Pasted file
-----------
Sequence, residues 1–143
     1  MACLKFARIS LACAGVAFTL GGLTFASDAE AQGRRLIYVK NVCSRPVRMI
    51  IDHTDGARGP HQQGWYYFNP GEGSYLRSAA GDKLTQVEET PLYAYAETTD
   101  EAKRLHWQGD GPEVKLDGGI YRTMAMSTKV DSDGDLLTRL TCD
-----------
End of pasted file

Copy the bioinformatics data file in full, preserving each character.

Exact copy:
Sequence, residues 1–143
     1  MACLKFARIS LACAGVAFTL GGLTFASDAE AQGRRLIYVK NVCSRPVRMI
    51  IDHTDGARGP HQQGWYYFNP GEGSYLRSAA GDKLTQVEET PLYAYAETTD
   101  EAKRLHWQGD GPEVKLDGGI YRTMAMSTKV DSDGDLLTRL TCD